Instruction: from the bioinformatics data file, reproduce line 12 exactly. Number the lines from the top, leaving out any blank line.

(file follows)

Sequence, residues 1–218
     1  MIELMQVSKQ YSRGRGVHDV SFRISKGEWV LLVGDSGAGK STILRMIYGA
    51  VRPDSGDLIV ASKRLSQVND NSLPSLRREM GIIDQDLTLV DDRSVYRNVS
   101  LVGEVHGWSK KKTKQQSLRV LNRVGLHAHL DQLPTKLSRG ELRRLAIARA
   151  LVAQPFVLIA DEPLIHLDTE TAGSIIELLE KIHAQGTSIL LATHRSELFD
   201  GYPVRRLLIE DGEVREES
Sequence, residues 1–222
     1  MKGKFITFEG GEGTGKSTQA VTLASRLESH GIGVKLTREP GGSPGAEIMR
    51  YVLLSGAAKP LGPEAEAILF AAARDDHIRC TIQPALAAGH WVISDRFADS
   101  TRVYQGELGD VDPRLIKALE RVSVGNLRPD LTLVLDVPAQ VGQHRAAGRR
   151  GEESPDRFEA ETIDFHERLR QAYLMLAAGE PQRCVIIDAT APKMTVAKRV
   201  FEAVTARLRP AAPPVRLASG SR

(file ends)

   201  FEAVTARLRP AAPPVRLASG SR